Wednesday, November 10, 2010

Lesson 29

First of all, the things I want to talk about are seemingly impossible to express completely in words alone, and those words inevitably betray the meanings they are trying to represent. Regardless, I experiment with these limitations.

What I am doing at all of these aikido practices is trying to steal the secrets of effective movement. There is no need to hide this with formalities, moralities, and ideologies. I care for absolutley nothing but being absorbed with Truth. My aikido practice and life just happen to be in the context of respect and genuine human interaction, but these are not things I consciously focus on putting effort into. I would love to practice aikido for the rest of my life, and it would be so great because aikido is so great and I would be so great and aikido could be better than everything else and I could be old and have spent so much time in this great aikido and thusly better than anyone else that has done it for less time than me, and I hope one day I can be like those masters who practiced longer than me, etc, blah blah blah...

I am not practicing aikido for the idea of aikido, I'm practicing aikido to find an ideal movement. I am not stupid, I am not a slow learner, and I don't want to be either of those. I simply want to do what my sensei does, and then do it better. What I am doing is stealing secrets and keeping my eyes peeled wide back looking for shortcuts. The best thing about this is that my sensei is the same way. I am looking for that bridge between the land where I live "right now" and that of "incomprehensible ability." How can I know where my ideal is? Where I am going? If I did know, then either I'd be there, or it would be, at best, an abstraction different from the wholeness of reality.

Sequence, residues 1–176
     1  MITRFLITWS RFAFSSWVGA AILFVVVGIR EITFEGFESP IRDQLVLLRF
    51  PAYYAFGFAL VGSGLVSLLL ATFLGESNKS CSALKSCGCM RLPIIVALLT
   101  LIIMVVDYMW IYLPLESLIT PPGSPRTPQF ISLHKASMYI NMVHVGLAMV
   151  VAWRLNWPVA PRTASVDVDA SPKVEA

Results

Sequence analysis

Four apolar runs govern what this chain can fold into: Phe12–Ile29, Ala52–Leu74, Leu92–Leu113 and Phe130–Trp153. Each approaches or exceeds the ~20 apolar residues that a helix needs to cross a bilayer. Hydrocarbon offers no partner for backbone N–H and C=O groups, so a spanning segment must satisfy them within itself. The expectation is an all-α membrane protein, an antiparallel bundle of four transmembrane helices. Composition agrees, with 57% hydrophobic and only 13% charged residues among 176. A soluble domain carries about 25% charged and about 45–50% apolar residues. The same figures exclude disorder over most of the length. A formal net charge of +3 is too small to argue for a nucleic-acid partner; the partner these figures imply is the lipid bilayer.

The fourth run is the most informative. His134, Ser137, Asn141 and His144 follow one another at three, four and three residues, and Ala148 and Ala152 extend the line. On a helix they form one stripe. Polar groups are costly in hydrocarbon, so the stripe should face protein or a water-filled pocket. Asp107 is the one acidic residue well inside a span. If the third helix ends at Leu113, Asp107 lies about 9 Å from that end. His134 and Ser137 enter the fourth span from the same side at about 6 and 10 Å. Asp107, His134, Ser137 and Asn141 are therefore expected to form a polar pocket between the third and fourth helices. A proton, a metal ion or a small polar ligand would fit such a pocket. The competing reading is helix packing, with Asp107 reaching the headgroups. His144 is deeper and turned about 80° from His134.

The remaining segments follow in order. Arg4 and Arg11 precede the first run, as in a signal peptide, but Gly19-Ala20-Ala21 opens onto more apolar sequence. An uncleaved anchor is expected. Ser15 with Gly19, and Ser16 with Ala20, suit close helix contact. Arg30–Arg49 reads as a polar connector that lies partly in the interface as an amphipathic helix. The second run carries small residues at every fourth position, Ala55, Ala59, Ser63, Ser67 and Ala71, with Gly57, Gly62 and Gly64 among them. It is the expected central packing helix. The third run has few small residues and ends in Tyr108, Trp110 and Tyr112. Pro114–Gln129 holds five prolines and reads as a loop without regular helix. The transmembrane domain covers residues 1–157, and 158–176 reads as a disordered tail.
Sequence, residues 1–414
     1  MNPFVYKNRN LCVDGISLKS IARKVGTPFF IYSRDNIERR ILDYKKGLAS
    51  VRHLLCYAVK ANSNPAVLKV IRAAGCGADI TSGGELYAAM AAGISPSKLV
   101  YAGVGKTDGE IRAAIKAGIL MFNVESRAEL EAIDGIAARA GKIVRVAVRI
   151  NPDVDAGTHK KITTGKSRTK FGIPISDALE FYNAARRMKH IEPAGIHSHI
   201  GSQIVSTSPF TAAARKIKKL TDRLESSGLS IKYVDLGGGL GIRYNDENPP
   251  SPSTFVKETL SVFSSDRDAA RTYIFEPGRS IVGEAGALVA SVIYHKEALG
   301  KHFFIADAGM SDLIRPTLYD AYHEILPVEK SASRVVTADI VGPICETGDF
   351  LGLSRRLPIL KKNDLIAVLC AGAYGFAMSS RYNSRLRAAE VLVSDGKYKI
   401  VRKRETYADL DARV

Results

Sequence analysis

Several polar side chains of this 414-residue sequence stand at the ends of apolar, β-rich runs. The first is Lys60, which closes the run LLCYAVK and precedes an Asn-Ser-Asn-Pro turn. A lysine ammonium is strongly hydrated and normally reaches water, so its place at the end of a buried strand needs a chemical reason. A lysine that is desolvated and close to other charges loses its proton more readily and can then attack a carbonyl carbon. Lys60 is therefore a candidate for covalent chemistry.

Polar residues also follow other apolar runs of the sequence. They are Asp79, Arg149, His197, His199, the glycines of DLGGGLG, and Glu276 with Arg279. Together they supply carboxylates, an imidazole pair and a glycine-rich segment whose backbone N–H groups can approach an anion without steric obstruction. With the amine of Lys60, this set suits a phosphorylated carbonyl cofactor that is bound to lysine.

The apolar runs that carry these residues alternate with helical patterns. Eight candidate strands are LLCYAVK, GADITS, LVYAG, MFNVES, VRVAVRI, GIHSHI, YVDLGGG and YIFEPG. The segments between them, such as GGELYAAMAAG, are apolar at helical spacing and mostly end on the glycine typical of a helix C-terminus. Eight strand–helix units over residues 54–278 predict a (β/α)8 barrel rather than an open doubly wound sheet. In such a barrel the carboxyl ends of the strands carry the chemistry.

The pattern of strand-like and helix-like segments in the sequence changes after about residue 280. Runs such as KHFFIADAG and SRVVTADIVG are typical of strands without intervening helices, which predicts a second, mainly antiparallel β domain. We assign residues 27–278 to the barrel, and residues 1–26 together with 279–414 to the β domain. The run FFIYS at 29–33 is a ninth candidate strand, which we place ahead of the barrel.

Tonight at the end of practice, we were simply working on movement. The partner would come in with shomen uchi (a sword hand movement cutting straight down in front of you with a step forward), and we would make smooth movement with minimal effort to evade the attack. However simple this is, most of us were having a very hard time. We were trying to anticipate where exactly the partner was going. We were trying to think of the best angle to make. We were hesitating, clumsy, and sending our body parts and mind in different directions. How is this possible? We are moving to move. Moving to get out of the way of something? This is not a magical skill reserved only for masters, it is simply what it is: relaxed efficient movement. If we would all relax, and just move instead of thinking and falling over all these hurdles we create ourselves, we would be on a fabulous shortcut.

Furthermore, I have developed two big pet peeves in arguments that often come up in the topic of martial arts. First, is the term "natural movement." This is used all the time, as a teacher tells you to stop screwing up and just move naturally. The person is moving naturally and appropriately to their current state, it just happens to really hamper the technique the teacher wants them to be doing. I understand ideas of "not fighting force with force", or "not making something more work than it requires", but the word "natural" is very misleading in the way it is often used in martial arts. Second, it's the idea that as adults, we are clumsy and we've screwed up somehow this idea of perfect movement that we would be doing if we weren't so stupid. That our movement is inherently a problem. Our current movements and abilities are not problems to fix, or something that will so greatly hinder our lives if we don't pursue right away. To try to analyze why it is we don't automatically, or dare I say naturally, move perfectly already, or why it is we have the ability to move so well is to go much farther in an intellectual direction than is necessary to do the movement.

Relax, don't waste your time trying to punch through concrete walls, and just do what you're trying to do. This is my lesson for tonight.

1 comment:

  1. Endo-Shihan emphasizes this point a lot, though not so much at his Hombu classes. He gives plenty of seminars throughout Japan, so if you get the chance...